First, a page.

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Dortmund, Cowboys break Bundesliga, NFL COVID attendance records

Borussia Dortmund has broken the Bundesliga attendance record amid COVID-19 after selling out of its 11,500 available tickets for the match against SC Freiburg on Saturday.

The figure was 1,500 more than the team’s first home game of the season against Borussia Mönchengladbach at the 81,365-capacity Signal Iduna Park after Dortmund’s city authorities gave the green light for additional places.

Borussia Dortmund season ticket holders and club members were able to purchase two tickets each for the match against Freiburg and must be resident in North Rhine-Westphalia.

Dortmund consistently have the highest average attendance in Europe each season, with the 2019-20 season seeing 81,154 fans at each game on average. The club sat above the Premier League’s Manchester United, La Liga’s FC Barcelona and its Bundesliga competitors Bayern Munich for average attendance.

Meanwhile, Eintracht Frankfurt welcomed 8,000 fans in its match against TSG 1899 Hoffenheim, while Stuttgart saw 9,500 fans at its game against Bayer Leverkusen. The lowest attendance was the just 300 that saw FC Koln versus Borussia Mönchengladbach.

Germany’s current system of allowing fans into sports events permits stadiums to be up to 20 per cent full if the number of COVID-19 cases in the locality has been below 35 per 100,000 people in the previous seven days.

The model only applies to home fans and gives local authorities the final say, with options either to reduce capacity below 20 per cent or to exclude all supporters.

Seven of the nine Bundesliga games had fans present, with Bayern Munich still not allowed to host supporters and Werder Bremen told just 48 hours ahead of its game with Arminia Bielefeld that it would not be able to host fans due to a local spike.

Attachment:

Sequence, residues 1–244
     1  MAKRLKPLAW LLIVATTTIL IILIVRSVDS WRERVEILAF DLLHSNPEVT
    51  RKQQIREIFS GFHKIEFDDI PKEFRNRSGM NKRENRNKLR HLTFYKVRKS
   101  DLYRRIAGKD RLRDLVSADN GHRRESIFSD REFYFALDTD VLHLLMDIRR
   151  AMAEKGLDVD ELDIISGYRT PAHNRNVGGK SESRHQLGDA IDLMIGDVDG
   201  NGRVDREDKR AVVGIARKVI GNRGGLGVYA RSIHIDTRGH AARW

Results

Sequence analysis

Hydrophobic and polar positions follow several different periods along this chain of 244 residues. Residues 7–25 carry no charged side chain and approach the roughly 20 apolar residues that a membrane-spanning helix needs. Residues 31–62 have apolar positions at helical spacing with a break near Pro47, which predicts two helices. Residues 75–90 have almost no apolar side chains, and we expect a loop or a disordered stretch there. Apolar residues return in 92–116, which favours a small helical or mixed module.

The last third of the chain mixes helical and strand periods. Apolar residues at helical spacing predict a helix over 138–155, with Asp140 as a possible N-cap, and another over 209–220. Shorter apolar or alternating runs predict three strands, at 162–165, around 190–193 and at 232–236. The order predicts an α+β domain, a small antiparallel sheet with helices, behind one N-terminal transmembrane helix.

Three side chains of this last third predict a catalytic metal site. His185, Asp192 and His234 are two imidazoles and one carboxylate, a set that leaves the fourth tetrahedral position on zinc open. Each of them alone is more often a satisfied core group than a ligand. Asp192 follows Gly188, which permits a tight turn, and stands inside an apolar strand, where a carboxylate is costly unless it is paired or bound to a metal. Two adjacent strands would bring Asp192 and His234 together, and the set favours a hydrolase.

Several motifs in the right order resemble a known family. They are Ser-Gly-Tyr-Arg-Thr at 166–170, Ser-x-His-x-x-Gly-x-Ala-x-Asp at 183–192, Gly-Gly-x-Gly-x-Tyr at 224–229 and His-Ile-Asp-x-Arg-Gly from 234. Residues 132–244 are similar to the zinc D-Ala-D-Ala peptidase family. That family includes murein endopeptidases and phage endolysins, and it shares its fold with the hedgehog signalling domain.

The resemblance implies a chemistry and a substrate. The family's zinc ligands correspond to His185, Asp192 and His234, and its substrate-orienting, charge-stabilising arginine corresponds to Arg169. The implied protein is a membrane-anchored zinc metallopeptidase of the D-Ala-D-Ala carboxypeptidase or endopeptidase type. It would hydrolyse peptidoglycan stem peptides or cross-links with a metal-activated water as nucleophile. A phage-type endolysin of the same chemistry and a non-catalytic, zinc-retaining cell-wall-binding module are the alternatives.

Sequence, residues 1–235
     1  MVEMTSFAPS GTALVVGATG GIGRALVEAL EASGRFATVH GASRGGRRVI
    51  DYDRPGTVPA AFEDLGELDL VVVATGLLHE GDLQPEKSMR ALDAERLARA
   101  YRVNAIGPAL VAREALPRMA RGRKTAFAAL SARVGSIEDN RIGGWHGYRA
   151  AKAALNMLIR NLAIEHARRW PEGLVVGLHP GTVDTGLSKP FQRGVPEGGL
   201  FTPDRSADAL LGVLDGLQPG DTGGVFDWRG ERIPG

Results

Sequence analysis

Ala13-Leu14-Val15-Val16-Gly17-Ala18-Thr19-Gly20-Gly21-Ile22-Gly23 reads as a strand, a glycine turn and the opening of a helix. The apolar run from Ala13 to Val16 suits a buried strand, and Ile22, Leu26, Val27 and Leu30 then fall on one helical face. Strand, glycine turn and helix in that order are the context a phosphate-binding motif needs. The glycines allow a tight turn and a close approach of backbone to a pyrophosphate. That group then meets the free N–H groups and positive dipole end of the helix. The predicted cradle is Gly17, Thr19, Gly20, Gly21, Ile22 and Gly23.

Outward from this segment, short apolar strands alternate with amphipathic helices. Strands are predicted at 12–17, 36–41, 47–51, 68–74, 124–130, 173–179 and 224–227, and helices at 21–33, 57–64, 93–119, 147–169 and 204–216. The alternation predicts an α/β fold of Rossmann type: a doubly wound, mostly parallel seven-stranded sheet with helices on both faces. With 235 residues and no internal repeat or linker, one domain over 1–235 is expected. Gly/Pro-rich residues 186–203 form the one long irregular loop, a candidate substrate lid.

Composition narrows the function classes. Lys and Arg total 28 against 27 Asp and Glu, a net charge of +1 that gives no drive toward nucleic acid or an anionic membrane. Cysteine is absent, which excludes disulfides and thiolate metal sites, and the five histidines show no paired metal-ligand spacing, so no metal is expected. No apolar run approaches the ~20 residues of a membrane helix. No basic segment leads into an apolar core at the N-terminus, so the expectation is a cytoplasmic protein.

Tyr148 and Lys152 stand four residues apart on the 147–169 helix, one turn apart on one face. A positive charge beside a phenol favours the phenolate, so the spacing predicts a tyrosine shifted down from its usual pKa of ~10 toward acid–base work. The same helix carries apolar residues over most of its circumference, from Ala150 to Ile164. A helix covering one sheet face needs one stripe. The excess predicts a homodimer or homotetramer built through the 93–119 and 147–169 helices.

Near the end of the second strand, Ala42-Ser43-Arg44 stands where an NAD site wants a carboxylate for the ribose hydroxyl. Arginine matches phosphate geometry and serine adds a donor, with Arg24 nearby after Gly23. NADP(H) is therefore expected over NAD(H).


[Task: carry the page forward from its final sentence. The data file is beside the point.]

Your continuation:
The decision came two weeks after Werder hosted 8,400 fans for the visit of Hertha Berlin.

“We would like to apologise to our fans, partners and suppliers for the short notice. The current situation is a real challenge for everyone involved,” said Werder’s president, Dr. Hubertus Hess-Grunewald.

The German model is being studied by the Sports Technology Innovation Group (STIG) to see if it can be used in England.

The group, which was set up by the UK government last month, has made it a priority to see if Germany’s approach could be adapted for English sport, with fans currently not allowed to attend any events after the government scrapped a plan to allow them to return on October 1.

The STIG’s study will include the strategies that the German authorities use for public transport, as well as fans getting into and leaving stadiums.


The Dallas Cowboys welcomed a crowd of 25,021 on Sunday at AT&T Stadium in its second home game of the season against the Cleveland Browns.

The crowd, which marked a record for the NFL post lockdown, accounted for 25 per cent of the 80,000-capacity stadium, which has space for more than 100,000 including standing room.

The Cowboys implemented COVID-safe policies including disinfecting surfaces, hand sanitiser stations canvassing the stadium, and touch-free mobile ticketing and concession payment. Tickets have been made available in pods to sit with family or friends, spaced at least six feet apart from the next closest pod. Masks are required except when actively eating or drinking.

In the Cowboys’ win against the Atlanta Falcons in their home opener, a crowd of 21,708 was in attendance. During the 2019 season, the team saw an average attendance of 90,929 that led the NFL.

Elsewhere in the league, more than 6,000 fans watched the Cincinnati Bengals inside Paul Brown Stadium on Sunday.

Six out of this weekend’s 14 games did not welcome any fans. In addition, the Tennessee Titans were supposed to have approximately 7,000 fans, but postponed to a later date after eight members of the organisation tested positive for COVID-19 this week.

Image: Borussia Dortmund